libvirt Installation

Compiling a release tarball

libvirt uses the standard setup/build/install steps and mandates that the build directory is different from the source directory:

$ xz -dc libvirt-x.x.x.tar.xz | tar xvf -
$ cd libvirt-x.x.x
$ meson build

The meson script can be given options to change its default behaviour.

Note: Please ensure that you have the appropriate minimal meson version installed in your build environment. The minimal version for a specific package can be checked in the top level meson.build file in the meson_version field.

To get the complete list of the options run the following command:

$ meson configure

When you have determined which options you want to use (if any), continue the process.

Note the use of sudo with the ninja install command below. Using sudo is only required when installing to a location your user does not have write access to. Installing to a system location is a good example of this.

If you are installing to a location that your user does have write access to, then you can instead run the ninja install command without putting sudo before it.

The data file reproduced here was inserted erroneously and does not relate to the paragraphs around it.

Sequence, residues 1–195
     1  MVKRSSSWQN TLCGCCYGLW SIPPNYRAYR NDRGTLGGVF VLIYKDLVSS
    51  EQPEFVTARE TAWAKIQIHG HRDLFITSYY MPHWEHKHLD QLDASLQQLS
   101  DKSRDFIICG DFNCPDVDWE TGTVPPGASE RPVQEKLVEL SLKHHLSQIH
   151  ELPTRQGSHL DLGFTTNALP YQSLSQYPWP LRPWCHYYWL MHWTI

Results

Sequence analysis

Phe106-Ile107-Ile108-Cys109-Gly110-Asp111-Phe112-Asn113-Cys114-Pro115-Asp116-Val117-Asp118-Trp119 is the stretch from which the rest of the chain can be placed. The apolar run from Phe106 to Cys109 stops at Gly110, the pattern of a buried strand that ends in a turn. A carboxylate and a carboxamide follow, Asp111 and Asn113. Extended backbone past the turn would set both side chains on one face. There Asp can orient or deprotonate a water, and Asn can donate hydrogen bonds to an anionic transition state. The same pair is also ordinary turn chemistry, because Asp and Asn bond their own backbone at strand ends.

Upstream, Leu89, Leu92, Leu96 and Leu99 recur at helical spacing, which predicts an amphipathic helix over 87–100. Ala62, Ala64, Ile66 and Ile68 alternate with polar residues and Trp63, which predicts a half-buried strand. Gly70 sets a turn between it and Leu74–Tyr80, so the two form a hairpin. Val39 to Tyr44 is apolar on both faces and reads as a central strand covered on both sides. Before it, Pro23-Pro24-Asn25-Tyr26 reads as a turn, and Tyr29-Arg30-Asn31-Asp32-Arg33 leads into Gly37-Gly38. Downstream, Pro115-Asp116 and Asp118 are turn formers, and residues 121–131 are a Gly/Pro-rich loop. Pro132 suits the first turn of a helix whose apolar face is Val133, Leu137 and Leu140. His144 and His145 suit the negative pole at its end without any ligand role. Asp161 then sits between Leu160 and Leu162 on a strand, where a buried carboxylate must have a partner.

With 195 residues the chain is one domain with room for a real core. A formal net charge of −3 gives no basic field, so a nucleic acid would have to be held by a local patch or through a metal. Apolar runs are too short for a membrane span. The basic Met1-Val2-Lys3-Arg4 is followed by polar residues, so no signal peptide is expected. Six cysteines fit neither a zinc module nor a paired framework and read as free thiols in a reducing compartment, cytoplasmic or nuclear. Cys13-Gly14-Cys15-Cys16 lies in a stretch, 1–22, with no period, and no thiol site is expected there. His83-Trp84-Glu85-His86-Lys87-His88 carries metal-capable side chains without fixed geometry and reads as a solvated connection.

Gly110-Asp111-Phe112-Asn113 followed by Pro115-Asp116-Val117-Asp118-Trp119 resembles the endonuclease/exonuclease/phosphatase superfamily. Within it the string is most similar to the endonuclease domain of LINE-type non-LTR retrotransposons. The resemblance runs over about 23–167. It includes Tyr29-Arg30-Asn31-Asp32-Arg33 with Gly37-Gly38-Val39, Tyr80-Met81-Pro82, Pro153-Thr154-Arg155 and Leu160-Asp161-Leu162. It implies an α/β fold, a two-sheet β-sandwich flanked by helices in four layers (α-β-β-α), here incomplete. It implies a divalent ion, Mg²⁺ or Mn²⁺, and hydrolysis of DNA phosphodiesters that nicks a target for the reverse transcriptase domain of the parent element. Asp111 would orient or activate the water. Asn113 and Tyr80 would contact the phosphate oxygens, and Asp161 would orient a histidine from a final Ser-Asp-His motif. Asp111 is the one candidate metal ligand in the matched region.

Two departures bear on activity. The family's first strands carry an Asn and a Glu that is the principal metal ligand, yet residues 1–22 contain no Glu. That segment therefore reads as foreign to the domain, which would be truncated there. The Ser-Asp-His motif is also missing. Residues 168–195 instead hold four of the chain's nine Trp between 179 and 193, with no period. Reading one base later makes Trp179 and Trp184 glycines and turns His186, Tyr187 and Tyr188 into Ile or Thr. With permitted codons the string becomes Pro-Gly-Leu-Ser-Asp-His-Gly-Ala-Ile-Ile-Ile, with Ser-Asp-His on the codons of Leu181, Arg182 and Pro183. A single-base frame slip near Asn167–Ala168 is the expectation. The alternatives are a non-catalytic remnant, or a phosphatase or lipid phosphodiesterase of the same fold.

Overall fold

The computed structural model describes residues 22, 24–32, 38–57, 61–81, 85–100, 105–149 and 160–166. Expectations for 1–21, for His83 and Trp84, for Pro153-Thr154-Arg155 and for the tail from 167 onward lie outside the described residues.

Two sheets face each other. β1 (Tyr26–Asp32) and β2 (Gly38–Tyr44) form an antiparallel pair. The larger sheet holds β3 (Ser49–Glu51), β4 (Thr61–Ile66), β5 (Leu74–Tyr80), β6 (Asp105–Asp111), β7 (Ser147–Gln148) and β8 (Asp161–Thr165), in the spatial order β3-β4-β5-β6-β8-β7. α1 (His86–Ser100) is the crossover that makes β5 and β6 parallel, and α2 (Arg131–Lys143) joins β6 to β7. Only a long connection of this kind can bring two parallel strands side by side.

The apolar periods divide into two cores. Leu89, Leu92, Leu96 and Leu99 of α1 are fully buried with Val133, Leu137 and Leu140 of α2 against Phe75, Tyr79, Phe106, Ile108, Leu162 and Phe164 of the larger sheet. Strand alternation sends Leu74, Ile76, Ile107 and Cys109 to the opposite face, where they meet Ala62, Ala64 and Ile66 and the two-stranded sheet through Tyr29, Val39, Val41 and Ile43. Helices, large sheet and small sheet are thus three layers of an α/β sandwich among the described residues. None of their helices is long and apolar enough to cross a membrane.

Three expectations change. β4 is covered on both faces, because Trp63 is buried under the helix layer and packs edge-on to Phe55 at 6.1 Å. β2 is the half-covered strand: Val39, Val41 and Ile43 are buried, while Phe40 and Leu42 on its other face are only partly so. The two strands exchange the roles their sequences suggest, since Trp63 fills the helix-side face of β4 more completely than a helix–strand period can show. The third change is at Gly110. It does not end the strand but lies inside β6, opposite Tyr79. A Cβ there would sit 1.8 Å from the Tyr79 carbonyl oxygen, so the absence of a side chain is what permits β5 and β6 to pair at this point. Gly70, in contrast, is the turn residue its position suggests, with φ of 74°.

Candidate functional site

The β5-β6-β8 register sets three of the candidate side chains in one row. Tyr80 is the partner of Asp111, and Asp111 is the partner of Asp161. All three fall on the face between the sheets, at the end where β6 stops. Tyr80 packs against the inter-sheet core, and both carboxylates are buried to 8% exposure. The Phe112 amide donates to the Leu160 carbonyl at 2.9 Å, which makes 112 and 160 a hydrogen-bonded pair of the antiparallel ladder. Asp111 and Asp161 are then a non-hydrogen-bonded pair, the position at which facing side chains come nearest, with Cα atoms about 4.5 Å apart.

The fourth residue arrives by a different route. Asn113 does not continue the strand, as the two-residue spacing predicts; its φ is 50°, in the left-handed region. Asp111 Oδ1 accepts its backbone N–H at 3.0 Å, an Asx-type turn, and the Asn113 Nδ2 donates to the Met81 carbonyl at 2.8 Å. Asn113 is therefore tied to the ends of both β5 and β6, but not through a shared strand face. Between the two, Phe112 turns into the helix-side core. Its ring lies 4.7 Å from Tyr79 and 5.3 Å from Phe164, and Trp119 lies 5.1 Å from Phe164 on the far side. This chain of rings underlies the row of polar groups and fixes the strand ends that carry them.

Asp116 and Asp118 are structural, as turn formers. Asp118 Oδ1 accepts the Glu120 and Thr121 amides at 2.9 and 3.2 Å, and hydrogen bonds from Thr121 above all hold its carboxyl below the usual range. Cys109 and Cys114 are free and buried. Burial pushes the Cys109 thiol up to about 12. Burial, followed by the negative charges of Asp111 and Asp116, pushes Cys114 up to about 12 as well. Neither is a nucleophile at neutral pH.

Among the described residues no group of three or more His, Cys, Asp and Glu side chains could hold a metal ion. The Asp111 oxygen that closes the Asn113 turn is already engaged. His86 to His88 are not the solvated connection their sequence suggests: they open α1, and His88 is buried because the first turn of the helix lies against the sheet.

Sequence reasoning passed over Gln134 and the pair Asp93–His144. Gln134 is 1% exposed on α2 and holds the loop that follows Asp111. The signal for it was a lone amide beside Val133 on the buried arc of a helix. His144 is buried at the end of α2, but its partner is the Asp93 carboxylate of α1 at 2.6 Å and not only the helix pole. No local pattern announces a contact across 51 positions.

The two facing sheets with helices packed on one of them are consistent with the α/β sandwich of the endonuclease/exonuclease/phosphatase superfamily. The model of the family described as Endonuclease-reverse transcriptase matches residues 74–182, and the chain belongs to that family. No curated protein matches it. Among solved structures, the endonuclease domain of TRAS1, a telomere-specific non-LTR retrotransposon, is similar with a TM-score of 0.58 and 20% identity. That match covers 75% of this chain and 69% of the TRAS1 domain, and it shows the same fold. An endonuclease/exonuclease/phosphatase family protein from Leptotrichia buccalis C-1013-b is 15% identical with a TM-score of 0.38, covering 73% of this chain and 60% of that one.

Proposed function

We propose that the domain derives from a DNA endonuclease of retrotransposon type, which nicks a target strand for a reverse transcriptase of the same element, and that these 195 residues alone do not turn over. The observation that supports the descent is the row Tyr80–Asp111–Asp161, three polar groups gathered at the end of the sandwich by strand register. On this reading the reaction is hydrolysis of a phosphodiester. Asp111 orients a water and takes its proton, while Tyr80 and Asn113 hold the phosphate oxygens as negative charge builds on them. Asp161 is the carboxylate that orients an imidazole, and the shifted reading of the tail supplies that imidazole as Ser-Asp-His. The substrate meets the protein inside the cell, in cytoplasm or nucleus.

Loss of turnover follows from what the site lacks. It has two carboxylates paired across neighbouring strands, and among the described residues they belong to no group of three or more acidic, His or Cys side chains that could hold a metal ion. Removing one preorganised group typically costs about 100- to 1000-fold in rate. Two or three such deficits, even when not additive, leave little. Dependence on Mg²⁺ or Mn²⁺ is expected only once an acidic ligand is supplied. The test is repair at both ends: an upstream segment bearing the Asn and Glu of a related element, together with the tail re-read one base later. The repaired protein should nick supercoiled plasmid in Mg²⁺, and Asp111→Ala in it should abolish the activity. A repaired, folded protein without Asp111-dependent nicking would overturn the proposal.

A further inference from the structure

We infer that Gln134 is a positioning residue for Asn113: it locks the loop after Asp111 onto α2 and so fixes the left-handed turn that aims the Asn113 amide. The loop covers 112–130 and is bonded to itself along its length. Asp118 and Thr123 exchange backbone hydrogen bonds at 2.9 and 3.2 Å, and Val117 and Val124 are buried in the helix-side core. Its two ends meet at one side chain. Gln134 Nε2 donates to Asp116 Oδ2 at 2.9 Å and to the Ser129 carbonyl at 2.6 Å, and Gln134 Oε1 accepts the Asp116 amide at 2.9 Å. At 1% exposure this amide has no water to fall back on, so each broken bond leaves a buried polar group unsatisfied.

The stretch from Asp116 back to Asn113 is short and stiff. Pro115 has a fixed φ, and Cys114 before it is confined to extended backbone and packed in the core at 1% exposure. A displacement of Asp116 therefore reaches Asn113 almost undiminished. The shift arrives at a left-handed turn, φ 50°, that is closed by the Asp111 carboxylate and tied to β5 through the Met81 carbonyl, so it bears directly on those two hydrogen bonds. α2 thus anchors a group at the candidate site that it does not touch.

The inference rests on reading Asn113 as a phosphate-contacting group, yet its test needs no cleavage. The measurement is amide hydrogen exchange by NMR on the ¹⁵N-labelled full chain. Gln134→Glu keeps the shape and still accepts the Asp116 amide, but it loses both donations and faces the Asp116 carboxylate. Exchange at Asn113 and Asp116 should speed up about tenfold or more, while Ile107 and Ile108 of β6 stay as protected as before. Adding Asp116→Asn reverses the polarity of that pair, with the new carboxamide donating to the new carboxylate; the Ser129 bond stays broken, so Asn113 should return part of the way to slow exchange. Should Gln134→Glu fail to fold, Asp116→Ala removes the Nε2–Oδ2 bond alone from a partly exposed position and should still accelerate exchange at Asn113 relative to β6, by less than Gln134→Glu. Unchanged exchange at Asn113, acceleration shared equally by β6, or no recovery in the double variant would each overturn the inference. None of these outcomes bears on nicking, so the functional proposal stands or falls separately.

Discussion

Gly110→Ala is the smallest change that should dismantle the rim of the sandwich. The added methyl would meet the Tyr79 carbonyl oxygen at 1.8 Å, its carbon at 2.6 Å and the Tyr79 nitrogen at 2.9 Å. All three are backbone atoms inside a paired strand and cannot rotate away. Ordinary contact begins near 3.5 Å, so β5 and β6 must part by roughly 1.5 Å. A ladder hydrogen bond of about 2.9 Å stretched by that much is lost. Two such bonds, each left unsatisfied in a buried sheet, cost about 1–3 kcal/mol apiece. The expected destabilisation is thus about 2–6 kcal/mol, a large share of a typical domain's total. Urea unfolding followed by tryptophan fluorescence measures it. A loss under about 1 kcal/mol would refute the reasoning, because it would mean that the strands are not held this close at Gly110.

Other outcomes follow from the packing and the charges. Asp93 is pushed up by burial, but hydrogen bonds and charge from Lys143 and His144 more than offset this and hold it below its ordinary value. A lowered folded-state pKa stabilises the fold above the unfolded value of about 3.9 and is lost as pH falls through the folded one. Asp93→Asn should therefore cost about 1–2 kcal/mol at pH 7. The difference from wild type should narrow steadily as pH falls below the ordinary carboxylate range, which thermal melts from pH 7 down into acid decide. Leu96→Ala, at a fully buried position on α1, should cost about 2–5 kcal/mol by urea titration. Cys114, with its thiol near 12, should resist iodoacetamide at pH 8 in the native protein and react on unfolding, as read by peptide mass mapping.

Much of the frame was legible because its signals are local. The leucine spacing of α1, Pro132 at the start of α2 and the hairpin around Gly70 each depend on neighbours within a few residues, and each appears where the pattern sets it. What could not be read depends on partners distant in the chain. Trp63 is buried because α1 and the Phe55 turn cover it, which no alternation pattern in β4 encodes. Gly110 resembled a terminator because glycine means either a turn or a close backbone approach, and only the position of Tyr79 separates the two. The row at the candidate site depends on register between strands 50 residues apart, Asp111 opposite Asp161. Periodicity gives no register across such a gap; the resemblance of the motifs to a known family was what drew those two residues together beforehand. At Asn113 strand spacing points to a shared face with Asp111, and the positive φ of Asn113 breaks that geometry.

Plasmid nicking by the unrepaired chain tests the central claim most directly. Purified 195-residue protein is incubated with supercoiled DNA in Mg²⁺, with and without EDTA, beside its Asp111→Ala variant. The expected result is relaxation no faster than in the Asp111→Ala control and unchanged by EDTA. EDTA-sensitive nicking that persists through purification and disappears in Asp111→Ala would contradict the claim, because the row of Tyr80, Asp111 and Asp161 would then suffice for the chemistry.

$ meson build [possible options]
$ ninja -C build
$ sudo ninja -C build install

At this point you may have to run ldconfig or a similar utility to update your list of installed shared libs.

Building from a GIT checkout

The libvirt build process uses Meson build system. By default when the meson is run from within a GIT checkout, it will turn on -Werror for builds. This can be disabled with --werror=false, but this is not recommended.

To build & install libvirt to your home directory the following commands can be run:

$ meson build --prefix=$HOME/usr
$ ninja -C build
$ sudo ninja -C build install

Be aware though, that binaries built with a custom prefix will not interoperate with OS vendor provided binaries, since the UNIX socket paths will all be different. To produce a build that is compatible with normal OS vendor prefixes, use

$ meson build -Dsystem=true
$ ninja -C build

When doing this for day-to-day development purposes, it is recommended not to install over the OS vendor provided binaries. Instead simply run libvirt directly from the source tree. For example to run a privileged libvirtd instance

$ su -
# service libvirtd stop  (or systemctl stop libvirtd.service)
# /home/to/your/checkout/build/src/libvirtd

It is also possible to run virsh directly from the build tree using the ./run script (which sets some environment variables):

$ pwd
/home/to/your/checkout/build
$ ./run ./tools/virsh ....